How to Spot Gum Disease in Kids and Teens
While it’s true that periodontal disease is largely a threat to adults, gingivitis, a mild form of periodontal disease, is often found in kids and teens. In fact, more than half of teens have some form of gum disease, according to a recent estimate.
Which is why it’s important as a parent to be aware of the risk factors and know how to spot the warning signs in your child. Taking your own oral hygiene seriously is also a good idea. It’ll go a long way toward encouraging the same behavior in your kids. We’ll unpack all of that here.
Gum Disease in Kids: Toddlers and bleeding gums
Toddlers’ gums can bleed from brushing for several reasons, but the build-up of plaque is one of the most common. The bacteria in their mouths feasts on the sugar in their foods and forms plaque. In time, that plaque can become tartar and lead to tooth decay and inflamed gums that bleed from brushing.
The problem’s usually easily remedied as long as it’s caught and treated early on. Get into the habit of brushing your toddler’s teeth in the morning and at night, as well as right after any sugary or starchy snacks. (You should help with the brushing until they gain the coordination to do it themselves around seven or eight.) For toddlers two and under, use the equivalent amount of a grain of rice in toothpaste. For those between three and five, keep it to a pea-size amount.
Schedule your toddler’s first dental visit around their second birthday. Most of their teeth will have grown in by then. That first visit will mostly be about familiarizing them with the process, but it’ll also give your dentist an opportunity to spot any less-obvious issues at their onset.
Changing your toddler’s diet will also improve their oral health. You don’t need to avoid juice, candy, pretzels, crackers, and pasta altogether—though, more power to you if you can. Just try to make them occasional treats.
Gum Disease in Kids: Teens and gum disease
Do you remember your teenage years? Some days, most days, it felt like your own body was conspiring against you, right? That’s actually not too far from the truth.
Hormonal changes in teens can put them at risk for periodontal disease. In other words, simply by entering puberty they become more susceptible. During puberty, an increased level of progesterone or estrogen can spur a surge in blood circulation to the gums. In turn, the gums may become more sensitive to irritants, including food particles and plaque, causing them to swell, turn red, and feel tender.
That should subside as your teen gets older as long as they’re following a good oral hygiene regimen. But puberty’s not the only risk factor for developing gum disease. They may inherit the tendency from you and your partner. Braces also make it more difficult to stave off plaque, so cleanings by a dentist may need to be done more frequently than biannually during that period.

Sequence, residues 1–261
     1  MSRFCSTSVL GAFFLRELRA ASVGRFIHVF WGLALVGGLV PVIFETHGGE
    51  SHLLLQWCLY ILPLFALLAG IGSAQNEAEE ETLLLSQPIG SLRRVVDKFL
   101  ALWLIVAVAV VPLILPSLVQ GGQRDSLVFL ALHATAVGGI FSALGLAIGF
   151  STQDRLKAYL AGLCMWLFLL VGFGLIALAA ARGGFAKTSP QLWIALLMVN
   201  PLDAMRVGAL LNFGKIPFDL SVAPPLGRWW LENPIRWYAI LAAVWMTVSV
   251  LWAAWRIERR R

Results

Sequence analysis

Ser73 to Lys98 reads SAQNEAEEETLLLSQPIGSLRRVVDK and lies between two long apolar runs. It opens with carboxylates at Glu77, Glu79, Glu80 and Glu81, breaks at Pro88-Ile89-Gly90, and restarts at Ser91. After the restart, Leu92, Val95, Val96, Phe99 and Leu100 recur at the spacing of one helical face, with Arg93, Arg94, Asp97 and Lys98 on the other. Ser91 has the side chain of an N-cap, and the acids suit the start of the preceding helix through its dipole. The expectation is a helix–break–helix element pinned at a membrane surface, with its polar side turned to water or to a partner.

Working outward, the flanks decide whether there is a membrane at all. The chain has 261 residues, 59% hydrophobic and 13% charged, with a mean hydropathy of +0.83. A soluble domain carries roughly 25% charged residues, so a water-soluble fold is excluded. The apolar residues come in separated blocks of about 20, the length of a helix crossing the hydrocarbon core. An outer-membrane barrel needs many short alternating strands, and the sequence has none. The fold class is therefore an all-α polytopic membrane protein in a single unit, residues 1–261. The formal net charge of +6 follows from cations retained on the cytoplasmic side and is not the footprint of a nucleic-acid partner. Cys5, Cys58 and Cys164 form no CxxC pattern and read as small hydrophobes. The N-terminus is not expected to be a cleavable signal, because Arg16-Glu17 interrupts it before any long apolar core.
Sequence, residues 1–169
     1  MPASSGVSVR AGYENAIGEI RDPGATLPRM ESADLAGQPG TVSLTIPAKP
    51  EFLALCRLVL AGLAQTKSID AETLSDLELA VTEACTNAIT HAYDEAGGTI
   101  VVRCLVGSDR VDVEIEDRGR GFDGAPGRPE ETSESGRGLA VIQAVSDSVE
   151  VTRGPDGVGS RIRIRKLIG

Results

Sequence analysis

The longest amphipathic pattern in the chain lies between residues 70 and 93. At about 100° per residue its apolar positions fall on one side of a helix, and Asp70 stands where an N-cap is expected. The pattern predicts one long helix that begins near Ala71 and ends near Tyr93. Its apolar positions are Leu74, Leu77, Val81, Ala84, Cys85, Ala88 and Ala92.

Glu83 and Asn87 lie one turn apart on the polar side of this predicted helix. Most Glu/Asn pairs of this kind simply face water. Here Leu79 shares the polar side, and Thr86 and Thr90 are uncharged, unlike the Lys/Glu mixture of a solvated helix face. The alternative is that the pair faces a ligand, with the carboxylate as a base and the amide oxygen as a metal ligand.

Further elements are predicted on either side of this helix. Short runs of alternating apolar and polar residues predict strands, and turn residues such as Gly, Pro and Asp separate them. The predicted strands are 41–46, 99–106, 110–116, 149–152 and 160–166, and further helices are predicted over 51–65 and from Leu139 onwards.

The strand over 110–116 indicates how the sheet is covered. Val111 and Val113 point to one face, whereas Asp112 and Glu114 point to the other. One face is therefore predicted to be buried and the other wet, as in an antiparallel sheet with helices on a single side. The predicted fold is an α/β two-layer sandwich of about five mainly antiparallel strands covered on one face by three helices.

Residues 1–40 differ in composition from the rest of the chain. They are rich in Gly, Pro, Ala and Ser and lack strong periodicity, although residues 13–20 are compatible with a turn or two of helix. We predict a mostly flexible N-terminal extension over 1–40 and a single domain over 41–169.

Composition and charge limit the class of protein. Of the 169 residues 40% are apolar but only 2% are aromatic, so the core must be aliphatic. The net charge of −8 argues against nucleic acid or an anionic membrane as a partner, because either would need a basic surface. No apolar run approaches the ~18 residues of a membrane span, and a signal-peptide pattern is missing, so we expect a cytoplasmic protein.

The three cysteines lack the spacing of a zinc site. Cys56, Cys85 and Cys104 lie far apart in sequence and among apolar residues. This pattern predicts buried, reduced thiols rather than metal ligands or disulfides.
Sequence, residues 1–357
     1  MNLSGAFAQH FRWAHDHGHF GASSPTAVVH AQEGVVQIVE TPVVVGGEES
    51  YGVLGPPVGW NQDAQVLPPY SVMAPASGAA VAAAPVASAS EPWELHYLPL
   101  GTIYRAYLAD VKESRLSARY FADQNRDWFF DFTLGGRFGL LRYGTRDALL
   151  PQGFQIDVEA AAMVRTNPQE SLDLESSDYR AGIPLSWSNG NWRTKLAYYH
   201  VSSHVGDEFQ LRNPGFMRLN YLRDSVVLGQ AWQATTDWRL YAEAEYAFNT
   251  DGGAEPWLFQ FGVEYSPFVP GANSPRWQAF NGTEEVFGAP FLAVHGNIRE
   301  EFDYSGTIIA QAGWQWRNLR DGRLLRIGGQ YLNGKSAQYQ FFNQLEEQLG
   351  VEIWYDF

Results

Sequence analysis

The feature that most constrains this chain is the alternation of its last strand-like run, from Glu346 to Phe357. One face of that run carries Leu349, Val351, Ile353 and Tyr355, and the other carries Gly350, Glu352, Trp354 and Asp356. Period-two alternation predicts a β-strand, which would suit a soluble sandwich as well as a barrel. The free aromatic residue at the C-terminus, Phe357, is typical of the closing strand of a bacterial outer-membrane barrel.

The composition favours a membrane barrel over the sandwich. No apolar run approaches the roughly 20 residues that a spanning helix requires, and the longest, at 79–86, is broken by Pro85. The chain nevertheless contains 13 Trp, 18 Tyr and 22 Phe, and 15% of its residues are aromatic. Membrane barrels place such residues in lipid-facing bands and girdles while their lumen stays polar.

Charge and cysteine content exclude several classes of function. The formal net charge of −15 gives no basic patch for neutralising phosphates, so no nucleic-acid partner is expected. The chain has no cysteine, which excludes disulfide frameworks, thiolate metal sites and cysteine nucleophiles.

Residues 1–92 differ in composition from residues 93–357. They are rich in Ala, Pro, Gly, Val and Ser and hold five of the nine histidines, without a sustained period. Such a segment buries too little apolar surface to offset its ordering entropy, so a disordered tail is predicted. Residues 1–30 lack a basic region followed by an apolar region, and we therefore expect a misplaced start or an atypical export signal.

And it shouldn’t come as much of a surprise (unless you skipped over the toddler segment) that a poor diet won’t help matters. We’re all pretty well-versed on the evils of sugar by now, but starchy foods, like fries, are trouble, too. They feed the acids that eat away at tooth enamel.
Add some lousy sleep habits and an abundance of stress—it comes from all directions at that age—and it’ll leave your teen more vulnerable to any kind of infection, including gum disease.
If they tell you their gums have been bleeding when they brush or floss, take them seriously and schedule an appointment with their dentist. But chances are, it won’t be that easy. So just try to keep a watchful eye from a safe distance.
You can’t control everything your teen eats any more than you can control what they worry about. Try to make the most of the moments when you do have some influence on them. Stock the fridge and pantry with healthy options. And lead by example.
Gum Disease in Kids: The role model
It may be way more obvious with a toddler than it is with a teen, but you are your child’s leading role model. They’re picking up on so much of what you’re doing—even when they’re pretending like they’re not.
So, if you aren’t already, get into the habit of brushing and flossing at least twice a day. And try to do it in front of your child. Or at least make them aware that you’re doing it.
Just as importantly, take your time doing it. Maybe even bone up on these brushing and flossing tips. Who knows? You could learn something. A lot of us picked up bad habits at an early age because our parents never showed us the right ways. Right the ship with your child.
And schedule regular dental visits and comprehensive periodontal evaluations. Early diagnosis ensures the greatest chance for successful treatment at all ages.